Mindful eating is based on mindfulness, a Buddhist concept. I feel that it is important to look at mindfulness first then go to mindful eating.
The definition of mindfulness is the quality or state of being conscious or aware of something. Mindfulness is a mental state achieved by focusing one’s awareness on the present moment, while calmly acknowledging and accepting one’s feelings, thoughts, and bodily sensations, used as a therapeutic technique.
So what is mindful eating?
Mindful eating is about using mindfulness to reach a state of full attention to your experiences, cravings, and physical cues when eating.
Mindful eating involves:
- eating slowly and without distraction
- listening to physical hunger cues and eating only until you’re full
- distinguishing between true hunger and non-hunger triggers for eating
- engaging your senses by noticing colors, smells, sounds, textures, and flavors
- learning to cope with guilt and anxiety about food
- eating to maintain overall health and well-being
- noticing the effects food has on your feelings and figure
- appreciating your food
Eating has become a mindless act, often done quickly. This can be problematic since it takes your brain up to 20 minutes to realize you’re full.
If you eat too fast, the fullness signal may not arrive until you have already eaten too much. This is very common in binge eating.
By eating mindfully, you restore your attention and slow down, making eating an intentional act instead of an automatic one.
Like most of us, you’ve probably eaten something in the past few hours. And, like many of us, you may not be able to recall everything you ate, let alone the sensation of eating it.
I have been using a food tracking app to keep a food log and to be aware of my macronutrients and micronutrients.
Mindful-eating food choices are similar to the Mediterranean diet (eating style) that I have adopted. Mediterranean eating is centered on fruits, vegetables, whole grains, seeds, nuts, and vegetable oils—the technique can be applied to a cheeseburger and fries. (I am not to judge what you are eating) KEY IS to truly pay attention to the food you eat. You may indulge in these types of foods less often. In essence, mindful eating means being fully attentive to your food—as you buy, prepare, serve, and consume it. However, adopting the practice may take more than a few adjustments in the way you approach meals and snacks.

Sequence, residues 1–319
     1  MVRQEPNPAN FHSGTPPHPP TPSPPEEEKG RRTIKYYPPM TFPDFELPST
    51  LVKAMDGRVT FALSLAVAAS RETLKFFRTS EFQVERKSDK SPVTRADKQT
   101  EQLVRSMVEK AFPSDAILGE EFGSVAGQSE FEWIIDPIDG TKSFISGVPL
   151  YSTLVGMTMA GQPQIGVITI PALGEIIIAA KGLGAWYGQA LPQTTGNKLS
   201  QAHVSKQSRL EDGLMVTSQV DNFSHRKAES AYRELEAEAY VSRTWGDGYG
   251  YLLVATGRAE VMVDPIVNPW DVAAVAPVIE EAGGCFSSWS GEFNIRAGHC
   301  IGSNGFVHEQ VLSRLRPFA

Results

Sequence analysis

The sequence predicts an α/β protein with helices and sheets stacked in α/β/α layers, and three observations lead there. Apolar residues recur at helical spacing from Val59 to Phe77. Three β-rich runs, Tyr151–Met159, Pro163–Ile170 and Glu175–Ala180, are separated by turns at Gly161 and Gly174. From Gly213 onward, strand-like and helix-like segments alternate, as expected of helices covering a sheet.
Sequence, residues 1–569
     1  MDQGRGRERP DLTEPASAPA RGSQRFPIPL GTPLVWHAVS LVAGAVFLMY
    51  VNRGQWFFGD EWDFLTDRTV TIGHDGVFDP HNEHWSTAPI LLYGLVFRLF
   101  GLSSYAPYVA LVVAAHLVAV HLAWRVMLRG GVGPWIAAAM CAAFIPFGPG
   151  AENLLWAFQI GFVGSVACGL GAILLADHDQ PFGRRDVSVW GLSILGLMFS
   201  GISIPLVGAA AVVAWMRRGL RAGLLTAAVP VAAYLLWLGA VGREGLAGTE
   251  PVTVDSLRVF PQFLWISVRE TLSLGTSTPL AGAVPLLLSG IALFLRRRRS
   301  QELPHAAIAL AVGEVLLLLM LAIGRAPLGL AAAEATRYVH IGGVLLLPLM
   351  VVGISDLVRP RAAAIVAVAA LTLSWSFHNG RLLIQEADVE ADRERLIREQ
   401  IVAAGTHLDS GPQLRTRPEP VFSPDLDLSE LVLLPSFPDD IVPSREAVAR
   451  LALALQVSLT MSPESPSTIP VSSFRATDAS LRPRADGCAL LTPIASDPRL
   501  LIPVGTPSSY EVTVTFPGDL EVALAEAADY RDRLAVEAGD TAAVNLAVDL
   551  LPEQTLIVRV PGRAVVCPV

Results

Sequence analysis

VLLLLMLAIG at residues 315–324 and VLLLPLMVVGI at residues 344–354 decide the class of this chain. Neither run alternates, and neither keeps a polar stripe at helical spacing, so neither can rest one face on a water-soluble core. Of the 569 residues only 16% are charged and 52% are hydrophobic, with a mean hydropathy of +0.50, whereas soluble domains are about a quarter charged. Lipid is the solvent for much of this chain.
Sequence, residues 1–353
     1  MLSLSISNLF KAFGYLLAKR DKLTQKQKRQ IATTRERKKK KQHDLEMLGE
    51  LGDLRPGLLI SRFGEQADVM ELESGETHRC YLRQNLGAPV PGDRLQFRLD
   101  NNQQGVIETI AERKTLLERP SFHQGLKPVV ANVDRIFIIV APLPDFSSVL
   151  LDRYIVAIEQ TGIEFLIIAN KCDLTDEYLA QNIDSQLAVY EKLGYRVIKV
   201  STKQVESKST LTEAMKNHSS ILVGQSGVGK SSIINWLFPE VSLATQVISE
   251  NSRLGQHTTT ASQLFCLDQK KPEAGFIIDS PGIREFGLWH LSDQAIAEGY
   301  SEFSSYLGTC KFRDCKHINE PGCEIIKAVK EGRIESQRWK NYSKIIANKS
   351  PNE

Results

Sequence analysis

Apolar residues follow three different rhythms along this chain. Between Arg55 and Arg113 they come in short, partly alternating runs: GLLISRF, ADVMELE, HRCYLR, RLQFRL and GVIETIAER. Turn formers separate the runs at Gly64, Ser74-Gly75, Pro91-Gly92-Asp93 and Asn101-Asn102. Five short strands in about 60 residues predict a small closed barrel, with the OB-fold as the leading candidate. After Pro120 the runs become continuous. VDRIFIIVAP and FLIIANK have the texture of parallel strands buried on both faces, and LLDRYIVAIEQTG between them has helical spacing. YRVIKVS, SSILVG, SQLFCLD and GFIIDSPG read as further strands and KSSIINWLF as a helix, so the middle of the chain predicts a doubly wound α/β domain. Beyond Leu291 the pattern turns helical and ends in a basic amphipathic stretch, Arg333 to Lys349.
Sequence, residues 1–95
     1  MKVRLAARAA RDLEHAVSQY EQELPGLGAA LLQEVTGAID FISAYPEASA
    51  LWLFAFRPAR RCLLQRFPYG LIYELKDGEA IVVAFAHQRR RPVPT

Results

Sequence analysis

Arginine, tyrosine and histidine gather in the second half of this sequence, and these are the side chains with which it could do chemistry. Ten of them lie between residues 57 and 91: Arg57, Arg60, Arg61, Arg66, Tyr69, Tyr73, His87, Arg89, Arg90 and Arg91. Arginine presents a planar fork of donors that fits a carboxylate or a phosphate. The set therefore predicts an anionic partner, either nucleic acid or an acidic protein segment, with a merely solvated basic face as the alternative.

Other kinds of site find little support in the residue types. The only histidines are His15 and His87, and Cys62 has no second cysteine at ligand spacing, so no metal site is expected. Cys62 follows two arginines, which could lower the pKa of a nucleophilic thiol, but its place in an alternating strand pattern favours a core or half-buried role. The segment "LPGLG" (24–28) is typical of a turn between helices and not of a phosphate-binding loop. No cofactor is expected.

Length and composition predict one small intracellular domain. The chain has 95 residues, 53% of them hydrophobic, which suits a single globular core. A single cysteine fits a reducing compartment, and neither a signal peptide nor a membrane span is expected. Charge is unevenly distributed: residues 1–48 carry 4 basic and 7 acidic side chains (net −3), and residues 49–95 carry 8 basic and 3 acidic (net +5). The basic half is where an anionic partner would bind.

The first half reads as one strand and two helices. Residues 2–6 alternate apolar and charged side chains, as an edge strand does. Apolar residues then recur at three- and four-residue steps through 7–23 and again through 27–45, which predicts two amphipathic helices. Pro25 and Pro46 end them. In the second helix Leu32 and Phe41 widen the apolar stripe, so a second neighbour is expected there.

1. Begin with your shopping list. Consider the health value of every item you add to your list and stick to it to avoid impulse buying when you’re shopping. Fill most of your cart in the produce section and avoid the center aisles—which are heavy with processed foods—and the chips and candy at the check-out counter.
2. Come to the table with an appetite— but not when ravenously hungry. If you skip meals, you may be so eager to get anything in your stomach that your first priority is filling the void instead of enjoying your food.
3. Start with a small portion. It may be helpful to limit the size of your plate to nine inches or less.
4. Appreciate your food. Pause for a minute or two before you begin eating to contemplate everything and everyone it took to bring the meal to your table. Silently express your gratitude for the opportunity to enjoy delicious food and the companions you’re enjoying it with.
5. Bring all your senses to the meal. When you’re cooking, serving, and eating your food, be attentive to color, texture, aroma, and even the sounds different foods make as you prepare them. As you chew your food, try identifying all the ingredients, especially seasonings.
6. Take small bites. It’s easier to taste food completely when your mouth isn’t full. Put down your utensil between bites.
7. Chew thoroughly. Chew well until you can taste the essence of the food. (You may have to chew each mouthful 20 to 40 times, depending on the food.) You may be surprised at all the flavors that are released.
8. Eat slowly. If you follow the advice above, you won’t bolt your food down. Devote at least five minutes to mindful eating before you chat with your tablemates.
Mindfulness is an Attitude
When I lost my path I became a self-loathing, people-pleasing, overachieving, overthinking, overworking-myself kind of woman. I dedicated my life to my pain — and one day the rug was pulled out from under me. I had a reality check. But that checking point did not stop. I had event after event after event to wake me up! The shooting was the catalyst to some dark nights in my soul and events that would just amaze you if you knew what happened to me and all that led to some severe medical issues. Those medical issues are what have recently caused my reconnection to my holistic side and my hard work to fix it all.
Mindfulness is actually an attitude toward your experience. In other words, it’s a way to relate to whatever arises in the heart, the mind, and the body. Remember that Mindfulness is more than just meditation and sitting on a cushion — it’s a lifestyle, a way of living with attention and intention. Jon Kabat-Zinn, the Father of Mindfulness, wrote the 9 Attitudinal Foundations of Mindfulness which may serve you as a guideline on how to think and be more mindful.
So slow down and look in the mirror.
Learn how to be present. Learn some Mindfulness then add that to how you eat.
Let me just close with this thought. We all should know how to eat right. We all know that we have to eat healthily and stay positive. Some don’t know how to eat right. Some don’t know what is right for their own body. (That was me!) Some do not know how to stay positive. This blog is about how I see things. I am not trying to do anything but share what I learn, relearn or dive deeper into. This is my path, my story and if I help others that is wonderful.